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Utahns are noticing higher utility bills as rates increase and weather gets colder

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Darlene Wayment kisses her baby Elijah at her home in Ogden on Tuesday, Jan. 24, 2023. Wayment has noticed a sharp increase in her utility bill with no increased usage in the past couple months.

Jeffrey D. Allred, Deseret News

Utahns are noticing higher utility bills this winter. Is it just cold outside, or is energy becoming more expensive?

Utah Public Service Commission administrator Gary Wilderburg says the answer is both.

“It’s been a colder winter, gas supplies have been tighter, and prices have been higher nationally for a variety of different reasons, especially since COVID,” Wilderburg said.

In the case of electricity, steeper bills are most likely a result of increased usage to keep warm in the winter, according to a Rocky Mountain Power spokesperson.

Gas, on the other hand, has seen a rate surge. Dominion Energy requested an increase in November, which the Public Service Commission approved in December. Jorgan Hofeling, communications strategic adviser for Dominion Energy, pointed to a number of factors that have contributed to this change.

“Generally, we can say that some of the factors are geopolitical conflicts, supply and demand — for example, LNG (liquefied natural gas) exports remain at historic highs,” Hofeling said. “The drought in the West has driven down hydroelectric production, and natural gas electric production has replaced that demand.”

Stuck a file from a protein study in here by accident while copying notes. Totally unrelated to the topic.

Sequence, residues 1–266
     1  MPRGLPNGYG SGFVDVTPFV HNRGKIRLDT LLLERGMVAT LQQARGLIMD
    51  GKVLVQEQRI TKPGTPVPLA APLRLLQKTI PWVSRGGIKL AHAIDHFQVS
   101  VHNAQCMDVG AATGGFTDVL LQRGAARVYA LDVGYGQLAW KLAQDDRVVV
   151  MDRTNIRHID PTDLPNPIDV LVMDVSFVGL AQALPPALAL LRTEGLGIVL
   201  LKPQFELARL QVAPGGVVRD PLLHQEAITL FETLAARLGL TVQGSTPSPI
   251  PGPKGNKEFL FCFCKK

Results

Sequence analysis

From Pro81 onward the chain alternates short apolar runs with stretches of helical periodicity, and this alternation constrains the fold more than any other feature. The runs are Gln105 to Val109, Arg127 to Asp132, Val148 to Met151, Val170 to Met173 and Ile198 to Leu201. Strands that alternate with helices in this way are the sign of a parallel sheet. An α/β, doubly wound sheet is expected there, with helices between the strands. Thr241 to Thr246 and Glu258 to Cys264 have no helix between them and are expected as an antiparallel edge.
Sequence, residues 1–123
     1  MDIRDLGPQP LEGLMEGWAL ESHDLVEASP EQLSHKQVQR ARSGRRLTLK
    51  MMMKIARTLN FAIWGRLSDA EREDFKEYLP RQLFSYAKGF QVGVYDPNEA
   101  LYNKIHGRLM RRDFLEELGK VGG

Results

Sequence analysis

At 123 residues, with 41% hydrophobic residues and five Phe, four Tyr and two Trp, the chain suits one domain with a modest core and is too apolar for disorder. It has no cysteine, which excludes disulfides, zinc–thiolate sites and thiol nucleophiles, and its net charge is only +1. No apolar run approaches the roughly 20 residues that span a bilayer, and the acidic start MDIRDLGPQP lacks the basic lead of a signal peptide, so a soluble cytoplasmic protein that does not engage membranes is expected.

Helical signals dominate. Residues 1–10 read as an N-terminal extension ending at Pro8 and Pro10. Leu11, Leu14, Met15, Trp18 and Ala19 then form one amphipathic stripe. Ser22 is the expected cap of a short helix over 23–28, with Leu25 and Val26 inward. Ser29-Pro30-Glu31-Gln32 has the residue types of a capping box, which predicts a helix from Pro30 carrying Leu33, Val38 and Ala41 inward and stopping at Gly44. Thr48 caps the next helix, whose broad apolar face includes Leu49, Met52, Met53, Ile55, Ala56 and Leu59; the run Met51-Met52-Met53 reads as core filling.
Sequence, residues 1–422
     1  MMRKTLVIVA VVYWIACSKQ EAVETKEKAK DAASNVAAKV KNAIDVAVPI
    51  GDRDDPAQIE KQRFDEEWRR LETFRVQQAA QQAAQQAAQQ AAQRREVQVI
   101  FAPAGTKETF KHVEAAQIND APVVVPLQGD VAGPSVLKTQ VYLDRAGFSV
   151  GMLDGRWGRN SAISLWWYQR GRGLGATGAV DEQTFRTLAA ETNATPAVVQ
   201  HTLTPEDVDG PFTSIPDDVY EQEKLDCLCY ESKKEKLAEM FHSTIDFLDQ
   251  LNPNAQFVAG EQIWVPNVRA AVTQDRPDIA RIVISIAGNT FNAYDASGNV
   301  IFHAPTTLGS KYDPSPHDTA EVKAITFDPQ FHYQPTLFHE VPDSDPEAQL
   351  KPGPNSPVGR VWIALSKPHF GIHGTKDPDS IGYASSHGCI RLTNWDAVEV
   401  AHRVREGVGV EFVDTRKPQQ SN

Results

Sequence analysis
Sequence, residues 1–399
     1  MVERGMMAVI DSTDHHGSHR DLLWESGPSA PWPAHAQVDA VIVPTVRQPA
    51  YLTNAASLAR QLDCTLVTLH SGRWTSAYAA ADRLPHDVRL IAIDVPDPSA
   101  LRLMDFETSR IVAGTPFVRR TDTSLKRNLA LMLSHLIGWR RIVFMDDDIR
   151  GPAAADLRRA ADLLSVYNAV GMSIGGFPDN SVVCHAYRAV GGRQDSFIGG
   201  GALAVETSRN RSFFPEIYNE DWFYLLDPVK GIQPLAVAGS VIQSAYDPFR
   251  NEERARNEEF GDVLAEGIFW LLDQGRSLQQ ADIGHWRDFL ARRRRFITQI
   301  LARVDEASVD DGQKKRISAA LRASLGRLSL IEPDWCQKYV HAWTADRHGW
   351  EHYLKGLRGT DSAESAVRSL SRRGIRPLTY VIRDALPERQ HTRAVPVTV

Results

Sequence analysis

Utahns have seen the effects in their monthly bills.

“My power bill almost doubled for the same usage,” Duke Raoul, from Ogden, said on Facebook.

Marlene Wayment, another Ogden resident, said she watched her gas bill increase by about $50 each month from November to January without turning up the thermostat.

“If I turn down the heater at all, the people, like my mom, downstairs — they’ll freeze because it’s so cold down there,” Wayment said. “So I always just keep it at 68 and then if it goes up, I still have to just pay the increase because if I turn it down, then they freeze downstairs in the basement.”

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Darlene Wayment adjusts her thermostat at her home in Ogden on Tuesday, Jan. 24, 2023. Wayment has noticed a sharp increase in her utility bill with no increased usage in the past couple months.

Jeffrey D. Allred, Deseret News

There was also a smaller increase effective Jan. 1 due to incurred costs like expanding service, equipment maintenance and construction of a new liquefied natural gas facility to enhance reliability on colder days.

The January increase was only about 4% and usually happens about every three years, according to Hofeling.

Hofeling emphasized there are actions people can take in the face of higher natural gas prices.

“We do know that some customers are feeling some economic strain, so we definitely want to make sure that customers know that there are financial assistance plans out there,” she said.

Dominion customers can call to see if they qualify for financial assistance. They can also use Budget Billing, a plan that spreads a year’s payment evenly across the months.

In the meantime, it may be time to pull out the blankets.

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Darlene Wayment talks with her mother Kathy Wayment at her home in Ogden on Tuesday, Jan. 24, 2023. Both live in the home. Wayment has noticed a sharp increase in her utility bill with no increased usage in the past couple months.

Jeffrey D. Allred, Deseret News